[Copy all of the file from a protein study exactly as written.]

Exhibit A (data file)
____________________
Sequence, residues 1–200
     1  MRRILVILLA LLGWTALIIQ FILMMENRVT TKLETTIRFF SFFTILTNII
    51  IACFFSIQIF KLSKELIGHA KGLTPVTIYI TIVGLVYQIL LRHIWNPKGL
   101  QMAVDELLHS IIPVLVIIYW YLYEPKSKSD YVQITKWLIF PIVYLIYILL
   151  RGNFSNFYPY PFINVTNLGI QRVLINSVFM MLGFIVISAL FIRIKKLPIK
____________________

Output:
Sequence, residues 1–200
     1  MRRILVILLA LLGWTALIIQ FILMMENRVT TKLETTIRFF SFFTILTNII
    51  IACFFSIQIF KLSKELIGHA KGLTPVTIYI TIVGLVYQIL LRHIWNPKGL
   101  QMAVDELLHS IIPVLVIIYW YLYEPKSKSD YVQITKWLIF PIVYLIYILL
   151  RGNFSNFYPY PFINVTNLGI QRVLINSVFM MLGFIVISAL FIRIKKLPIK